Even the Khmer Rouge understood they needed the support of Western capital. The purpose of the “killing fields” was to produce as much of an agricultural surplus as possible to sell on the world market in order to be able to import industrial equipment and technology. The Khmer Rouge goal was the achievement of industrialization by the year 2000. After they were dislodged by Vietnam in 1979, they changed their ideology from Maoism to “liberal capitalism” and formed an alliance with the CIA against the Vietnamese.

Financial Media Elite Defensively Bash “Useless” Gold Reply

By Chris Powell, Money Metals Exchange

At least the Financial Times now has come clean about its hostility to gold – as well as to free markets and elementary journalism.

Gold Anti-Trust Action Committee (GATA) friend Chris Kniel of Orinda, California, sent to the newspaper’s chief economic columnist, Martin Wolf, the excellent summary of gold and silver market manipulation just written by gold researcher Ronan Manly.

Wolf replied derisively and dismissively: “This is a matter of absolutely no importance whatsoever. Who cares about the prices of useless metals?”

Stunned by such a counterfactual assertion, Kniel prompted Wolf to elaborate, receiving this from the FT columnist: “I mean to dismiss the whole monetary history of gold. It has no significance in the modern world. It is, as Keynes said, a barbarous relic.”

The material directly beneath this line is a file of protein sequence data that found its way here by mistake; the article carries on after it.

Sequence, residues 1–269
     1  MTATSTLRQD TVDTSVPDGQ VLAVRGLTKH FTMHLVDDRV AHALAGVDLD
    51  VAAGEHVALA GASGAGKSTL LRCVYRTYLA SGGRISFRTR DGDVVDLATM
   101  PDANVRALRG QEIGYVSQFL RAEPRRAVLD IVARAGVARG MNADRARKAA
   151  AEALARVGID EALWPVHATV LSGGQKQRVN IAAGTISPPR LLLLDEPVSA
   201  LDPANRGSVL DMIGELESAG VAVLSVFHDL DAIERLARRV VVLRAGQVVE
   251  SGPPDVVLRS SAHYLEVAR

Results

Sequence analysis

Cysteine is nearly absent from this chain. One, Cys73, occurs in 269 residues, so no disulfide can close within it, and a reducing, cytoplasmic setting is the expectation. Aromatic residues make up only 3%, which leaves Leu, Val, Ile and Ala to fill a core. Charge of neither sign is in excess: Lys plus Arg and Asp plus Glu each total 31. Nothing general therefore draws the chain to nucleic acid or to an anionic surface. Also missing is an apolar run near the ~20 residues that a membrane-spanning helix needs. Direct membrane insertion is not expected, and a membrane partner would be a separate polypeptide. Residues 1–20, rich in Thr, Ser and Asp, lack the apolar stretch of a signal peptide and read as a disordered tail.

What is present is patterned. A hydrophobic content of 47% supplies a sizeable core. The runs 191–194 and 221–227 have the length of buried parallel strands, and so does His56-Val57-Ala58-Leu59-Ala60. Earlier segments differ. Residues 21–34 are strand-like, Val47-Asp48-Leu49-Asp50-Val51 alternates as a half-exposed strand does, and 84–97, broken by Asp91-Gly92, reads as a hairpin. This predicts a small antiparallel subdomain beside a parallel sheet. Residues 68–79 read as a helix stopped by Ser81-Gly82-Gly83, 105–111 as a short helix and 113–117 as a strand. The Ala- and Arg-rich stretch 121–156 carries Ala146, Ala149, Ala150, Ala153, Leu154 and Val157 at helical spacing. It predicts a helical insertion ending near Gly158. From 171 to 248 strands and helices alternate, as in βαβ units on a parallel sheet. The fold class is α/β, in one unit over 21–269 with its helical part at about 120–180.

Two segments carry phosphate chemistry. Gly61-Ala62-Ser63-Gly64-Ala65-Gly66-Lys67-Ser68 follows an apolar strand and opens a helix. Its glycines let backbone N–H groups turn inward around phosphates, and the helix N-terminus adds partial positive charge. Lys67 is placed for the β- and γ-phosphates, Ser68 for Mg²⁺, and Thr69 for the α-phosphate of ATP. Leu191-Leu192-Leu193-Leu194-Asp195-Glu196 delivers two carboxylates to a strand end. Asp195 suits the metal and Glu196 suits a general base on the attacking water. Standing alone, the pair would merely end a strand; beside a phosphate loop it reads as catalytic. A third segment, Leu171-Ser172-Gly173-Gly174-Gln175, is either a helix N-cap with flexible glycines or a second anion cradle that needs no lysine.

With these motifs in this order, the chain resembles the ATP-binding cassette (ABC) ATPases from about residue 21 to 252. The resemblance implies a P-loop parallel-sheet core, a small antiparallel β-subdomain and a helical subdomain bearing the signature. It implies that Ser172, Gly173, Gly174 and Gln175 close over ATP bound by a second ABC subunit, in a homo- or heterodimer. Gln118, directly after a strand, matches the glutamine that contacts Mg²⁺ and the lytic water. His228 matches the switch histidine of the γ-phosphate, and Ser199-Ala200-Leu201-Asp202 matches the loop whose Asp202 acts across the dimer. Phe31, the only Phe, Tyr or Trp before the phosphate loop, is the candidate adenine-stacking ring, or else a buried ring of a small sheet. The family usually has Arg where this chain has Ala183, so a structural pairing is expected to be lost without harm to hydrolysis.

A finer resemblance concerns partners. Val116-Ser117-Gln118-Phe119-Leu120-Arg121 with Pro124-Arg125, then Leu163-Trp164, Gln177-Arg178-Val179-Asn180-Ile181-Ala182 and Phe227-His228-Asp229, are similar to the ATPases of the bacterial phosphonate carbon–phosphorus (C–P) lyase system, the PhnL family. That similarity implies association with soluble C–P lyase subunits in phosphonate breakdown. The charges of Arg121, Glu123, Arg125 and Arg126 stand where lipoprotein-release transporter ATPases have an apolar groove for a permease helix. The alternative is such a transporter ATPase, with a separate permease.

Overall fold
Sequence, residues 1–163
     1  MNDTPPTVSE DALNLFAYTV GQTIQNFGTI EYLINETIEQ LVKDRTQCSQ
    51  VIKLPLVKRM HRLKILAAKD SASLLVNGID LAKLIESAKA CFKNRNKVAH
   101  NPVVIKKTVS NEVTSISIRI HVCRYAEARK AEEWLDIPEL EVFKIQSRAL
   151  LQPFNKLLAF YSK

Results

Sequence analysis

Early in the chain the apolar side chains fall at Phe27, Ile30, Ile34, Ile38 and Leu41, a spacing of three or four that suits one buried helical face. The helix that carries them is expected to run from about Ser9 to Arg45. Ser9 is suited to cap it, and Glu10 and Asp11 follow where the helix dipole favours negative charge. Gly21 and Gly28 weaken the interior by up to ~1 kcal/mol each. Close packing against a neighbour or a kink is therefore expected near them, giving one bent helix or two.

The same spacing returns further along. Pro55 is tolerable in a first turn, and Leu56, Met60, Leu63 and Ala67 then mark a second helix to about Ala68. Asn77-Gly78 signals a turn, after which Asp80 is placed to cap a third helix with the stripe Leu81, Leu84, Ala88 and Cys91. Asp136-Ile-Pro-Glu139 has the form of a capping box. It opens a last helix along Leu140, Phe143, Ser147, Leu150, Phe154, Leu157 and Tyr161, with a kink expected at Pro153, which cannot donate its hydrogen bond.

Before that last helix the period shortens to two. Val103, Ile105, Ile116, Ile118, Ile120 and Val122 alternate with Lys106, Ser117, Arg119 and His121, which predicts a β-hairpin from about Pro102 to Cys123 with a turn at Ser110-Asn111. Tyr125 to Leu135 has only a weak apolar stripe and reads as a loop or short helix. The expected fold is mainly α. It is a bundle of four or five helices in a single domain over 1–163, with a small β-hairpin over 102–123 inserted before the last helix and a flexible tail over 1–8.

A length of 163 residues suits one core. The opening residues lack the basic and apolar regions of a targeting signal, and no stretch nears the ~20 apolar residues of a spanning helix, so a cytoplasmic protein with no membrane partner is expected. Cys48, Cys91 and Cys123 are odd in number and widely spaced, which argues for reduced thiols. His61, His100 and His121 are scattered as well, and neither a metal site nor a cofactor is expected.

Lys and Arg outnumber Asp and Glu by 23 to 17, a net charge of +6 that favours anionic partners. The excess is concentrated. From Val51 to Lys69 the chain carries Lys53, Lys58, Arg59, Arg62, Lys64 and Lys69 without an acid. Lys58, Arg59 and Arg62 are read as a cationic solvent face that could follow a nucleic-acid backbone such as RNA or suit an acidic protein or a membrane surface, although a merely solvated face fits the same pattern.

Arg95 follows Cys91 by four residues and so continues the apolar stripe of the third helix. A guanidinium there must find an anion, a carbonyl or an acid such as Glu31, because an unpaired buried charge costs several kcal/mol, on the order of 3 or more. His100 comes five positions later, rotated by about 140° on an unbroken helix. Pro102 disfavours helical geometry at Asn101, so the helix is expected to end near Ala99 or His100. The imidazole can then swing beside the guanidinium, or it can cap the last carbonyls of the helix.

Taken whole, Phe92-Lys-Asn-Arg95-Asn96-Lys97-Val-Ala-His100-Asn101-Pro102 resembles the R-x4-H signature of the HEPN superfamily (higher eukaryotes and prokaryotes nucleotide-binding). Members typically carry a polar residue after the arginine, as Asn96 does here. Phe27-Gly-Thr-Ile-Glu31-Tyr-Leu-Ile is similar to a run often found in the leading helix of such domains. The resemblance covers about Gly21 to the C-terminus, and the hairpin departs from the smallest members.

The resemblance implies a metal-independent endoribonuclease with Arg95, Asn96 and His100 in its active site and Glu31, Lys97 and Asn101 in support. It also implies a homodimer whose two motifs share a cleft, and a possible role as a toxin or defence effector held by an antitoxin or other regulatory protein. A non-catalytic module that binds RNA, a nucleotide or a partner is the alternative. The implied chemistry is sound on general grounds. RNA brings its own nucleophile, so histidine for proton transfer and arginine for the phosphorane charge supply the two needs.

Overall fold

Actually, Keynes’ “barbarous relic” remark was made not about gold itself but about the gold standard for currencies. Keynes wasn’t denying gold’s use as money. But that is the least of the problems with Wolf’s reply.

Who cares about the prices of useless metals? “No significance in the modern world”?

For starters, governments themselves care.

That’s why central banks, against Wolf’s advice, continue to hold huge inventories of gold and lately have been increasing them.

It’s why central banks classify gold as a Tier 1 asset, equivalent to government-issue bonds and cash.

It’s why central banks constantly trade the metal and its derivatives surreptitiously, directly and through the Bank for International Settlements, usually to restrain the metal’s price, recognizing that gold is a determinant of currency values, interest rates, and government bond prices.

It’s why the International Monetary Fund forbids its members from formally linking their currencies to gold, lest the metal gain precedence over government-issued currencies.

Further, London is the center of the world’s gold trading, the bullion banks are major employers there, and the FT is based in London, so the newspaper itself ordinarily might care.